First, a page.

I was just thinking about all those things and how it can be applied to life and relationships. I started writing “Healthy” when Sean had written the bass lines for a track. Melodies come to me first and I knew I wanted the lyrics to be a long-winded stream of consciousness. It’s also about starting relationships and how they can feel kinda odd sometimes and your gut is trying to tell you something and you don’t realize it sometimes until it’s too late. But sometimes if your gut isn’t telling you anything you’re kinda like, “I guess this feels healthy?” you know. It was based around that.
You recently considered quitting music altogether — what was it like to be in that space creatively?
Crap! It feels crap honestly and I’m sometimes in and out of that still. It’s hard when you have a lot of hats to wear all the time and trying to imagine a future situation of whether someone will like the song or is somebody gonna get this lyric. I realized that was happening because I wasn’t listening to myself, that also kinda ties in with healthy overall. I was asking myself “What do you need?” I’ve been trying to listen to myself more. I love music, I always have and I’ve always been drawn to it. But it’s when you start trying to acquire a status so that you can do it as a job, that’s where it gets really tricky because you’re trying to gain the approval of other people.
Even as a teenager, I think we all do that. You wear what your friends are wearing, you laugh along with a joke because you don’t wanna be that one left out and be different. I think once I realized that that’s what I was trying to do, I was stuck in this teenage idea of wanting everyone to like me. It’s funny because I know logically, I’m not gonna be everyone’s cup of tea — no one is! Those down days I had made me realize that I could do anything: I could quit, I could not quit, I could keep going, I could keep exhausting every aspect of this type of a career because I can and it’s fun. Something I’ve also realized is that it’s a job and you’re not going to love every aspect of it sometimes. I’m taking things day by day and today I’m obviously on a buzz because I just released “Gravy” and everyone seems to like it, so you have your days.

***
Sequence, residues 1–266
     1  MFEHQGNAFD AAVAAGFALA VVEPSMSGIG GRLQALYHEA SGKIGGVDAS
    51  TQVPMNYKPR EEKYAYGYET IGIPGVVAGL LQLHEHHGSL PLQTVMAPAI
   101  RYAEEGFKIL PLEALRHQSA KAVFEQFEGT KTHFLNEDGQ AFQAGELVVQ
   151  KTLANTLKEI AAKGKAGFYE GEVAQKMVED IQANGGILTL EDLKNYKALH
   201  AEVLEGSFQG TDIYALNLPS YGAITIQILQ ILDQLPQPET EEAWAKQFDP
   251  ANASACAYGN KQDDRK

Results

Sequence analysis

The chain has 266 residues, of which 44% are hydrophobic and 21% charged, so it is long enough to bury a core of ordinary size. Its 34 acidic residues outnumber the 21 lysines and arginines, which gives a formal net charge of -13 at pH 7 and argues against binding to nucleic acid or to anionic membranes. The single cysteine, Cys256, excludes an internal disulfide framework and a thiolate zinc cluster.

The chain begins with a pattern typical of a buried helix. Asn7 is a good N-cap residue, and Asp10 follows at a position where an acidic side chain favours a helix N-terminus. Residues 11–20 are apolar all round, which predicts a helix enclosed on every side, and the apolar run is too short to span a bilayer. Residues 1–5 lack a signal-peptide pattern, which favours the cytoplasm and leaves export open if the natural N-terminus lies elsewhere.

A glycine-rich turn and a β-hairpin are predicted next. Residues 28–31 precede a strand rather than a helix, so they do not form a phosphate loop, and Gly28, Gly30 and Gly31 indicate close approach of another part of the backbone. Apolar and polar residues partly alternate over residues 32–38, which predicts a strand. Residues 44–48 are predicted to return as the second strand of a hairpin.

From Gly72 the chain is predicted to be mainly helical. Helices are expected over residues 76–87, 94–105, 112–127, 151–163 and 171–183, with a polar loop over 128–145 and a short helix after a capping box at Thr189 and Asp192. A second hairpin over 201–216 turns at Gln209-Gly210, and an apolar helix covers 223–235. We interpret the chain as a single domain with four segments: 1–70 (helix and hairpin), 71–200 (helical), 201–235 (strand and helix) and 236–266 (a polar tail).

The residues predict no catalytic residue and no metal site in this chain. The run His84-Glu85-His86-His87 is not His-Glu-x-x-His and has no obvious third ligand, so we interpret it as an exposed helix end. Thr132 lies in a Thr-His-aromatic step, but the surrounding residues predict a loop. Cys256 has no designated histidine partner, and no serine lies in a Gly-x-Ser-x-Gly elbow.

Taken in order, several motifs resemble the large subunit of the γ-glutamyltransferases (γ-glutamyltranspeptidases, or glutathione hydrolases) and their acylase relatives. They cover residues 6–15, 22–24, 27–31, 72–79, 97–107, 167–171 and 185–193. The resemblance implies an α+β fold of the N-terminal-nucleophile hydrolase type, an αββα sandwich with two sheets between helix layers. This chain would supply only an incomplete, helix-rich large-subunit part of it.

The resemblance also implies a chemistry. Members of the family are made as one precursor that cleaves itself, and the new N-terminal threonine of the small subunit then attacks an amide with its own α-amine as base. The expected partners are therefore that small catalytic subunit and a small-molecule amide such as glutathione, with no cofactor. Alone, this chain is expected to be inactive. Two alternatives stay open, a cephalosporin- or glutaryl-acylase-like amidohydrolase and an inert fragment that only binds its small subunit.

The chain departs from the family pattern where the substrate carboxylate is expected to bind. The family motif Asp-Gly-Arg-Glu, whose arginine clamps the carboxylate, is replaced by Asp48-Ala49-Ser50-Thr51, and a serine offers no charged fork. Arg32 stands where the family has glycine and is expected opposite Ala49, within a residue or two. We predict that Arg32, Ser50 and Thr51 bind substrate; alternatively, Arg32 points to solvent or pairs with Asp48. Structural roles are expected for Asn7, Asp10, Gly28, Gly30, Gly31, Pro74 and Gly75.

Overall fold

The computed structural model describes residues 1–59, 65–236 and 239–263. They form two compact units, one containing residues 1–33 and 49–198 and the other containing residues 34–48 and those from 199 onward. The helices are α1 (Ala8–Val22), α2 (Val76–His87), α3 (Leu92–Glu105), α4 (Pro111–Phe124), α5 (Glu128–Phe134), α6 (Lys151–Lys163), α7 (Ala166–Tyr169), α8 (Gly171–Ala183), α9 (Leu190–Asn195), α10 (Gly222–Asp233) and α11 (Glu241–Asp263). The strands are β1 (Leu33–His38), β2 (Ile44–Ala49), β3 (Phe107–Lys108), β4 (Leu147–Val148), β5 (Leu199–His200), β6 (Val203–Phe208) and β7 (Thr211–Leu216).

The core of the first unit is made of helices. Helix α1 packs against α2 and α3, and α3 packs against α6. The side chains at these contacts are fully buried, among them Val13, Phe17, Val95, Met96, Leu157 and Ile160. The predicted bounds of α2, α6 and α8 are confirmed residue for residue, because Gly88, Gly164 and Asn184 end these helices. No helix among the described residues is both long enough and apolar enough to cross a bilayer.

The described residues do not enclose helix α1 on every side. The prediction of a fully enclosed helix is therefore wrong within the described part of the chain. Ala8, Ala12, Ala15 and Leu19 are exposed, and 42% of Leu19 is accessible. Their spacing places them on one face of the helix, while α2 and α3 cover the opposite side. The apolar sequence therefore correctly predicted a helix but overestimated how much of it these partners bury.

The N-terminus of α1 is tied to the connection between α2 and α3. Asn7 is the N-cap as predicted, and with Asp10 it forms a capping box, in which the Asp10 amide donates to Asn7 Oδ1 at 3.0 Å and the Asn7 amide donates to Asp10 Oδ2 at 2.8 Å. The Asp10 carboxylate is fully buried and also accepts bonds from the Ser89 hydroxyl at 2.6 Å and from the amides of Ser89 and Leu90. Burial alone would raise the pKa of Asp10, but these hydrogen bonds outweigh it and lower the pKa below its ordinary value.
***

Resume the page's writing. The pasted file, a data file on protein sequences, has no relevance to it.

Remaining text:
I’m a big fan of the songwriter Emily Warren. I think anything she touches is amazing. Same with Caroline Ailin, she’s an amazing songwriter. Obviously he’s massive, but I’m really loving everything that FINNEAS is doing. He’s just so exciting, even the fact that he’s the same age as me it’s just so exciting to see his ability and it’s really inspiring.
There’s also so many amazing Irish artists. I’m really good friends with Tim Chadwick but I’m also one of his biggest fans and anytime we’ve written together I’m always so in awe of how quickly he pulls an idea together.
Live music has been paused over the past year but what is your favorite performance you’ve done so far?
I think it would have to be my headline show in Lost Lane back in November 2019. It was one of the last full-band shows that I played. There’s something so special about playing a headline show because I’ve played so many shows where I’ve been given the opportunity to present myself in front of an audience that don’t know me like support slots and festival slots. There’s just something so sweet about hopping on stage and knowing people really came for you and it’s so cute. It felt like a little party, I loved it at the time but God if I could tell myself back then to be like, “Girl, this is gonna be one of the last shows you’re gonna play for a long time, take it in!” I would.
What’s next for you in 2021?
Well I’m releasing my EP on the 26th of February! I’m really excited about that. It has another song on it that is quite the opposite to “Gravy” and it’s very raw and it looks at a lot of emotions that I think a lot of us have been feeling. I know from talking to friends that everyone feels like they’re not doing enough or making the most of the pandemic, which is a load of shite. It’s a song that talks about that feeling of being like, “Oh my God I’m so paralyzed in every decision that I make because I feel like it’s going to change everything.” It falls into the whole being in your 20s thing again and I’m really excited about that song coming out with the EP.
I’ll also be writing a lot. I’m trying to work to get a big batch of songs together and to create some sort of body of work after the EP. I really really don’t know what else I’ll be doing and to be honest I don’t think anyone does. There’s some sort of comfort in that. I’m still enjoying therapy and taking things day by day, staying connected with people and hopefully I will be able to play a show sometime soon.
Lastly, where’s your happy place?
I don’t know if I have found it yet. I’m trying to think of something and nothing is coming to mind. I have happy moments and obviously I love being on stage and I love being in the studio. I don’t know if I would necessarily say that they are definitely my happy places though because they’re challenging and I really have to look inward and work through stuff to really get what I want from them. So yeah I don’t think I’ve found it yet and it probably won’t be until I’m in my mid-30s, then I’ll know where it is!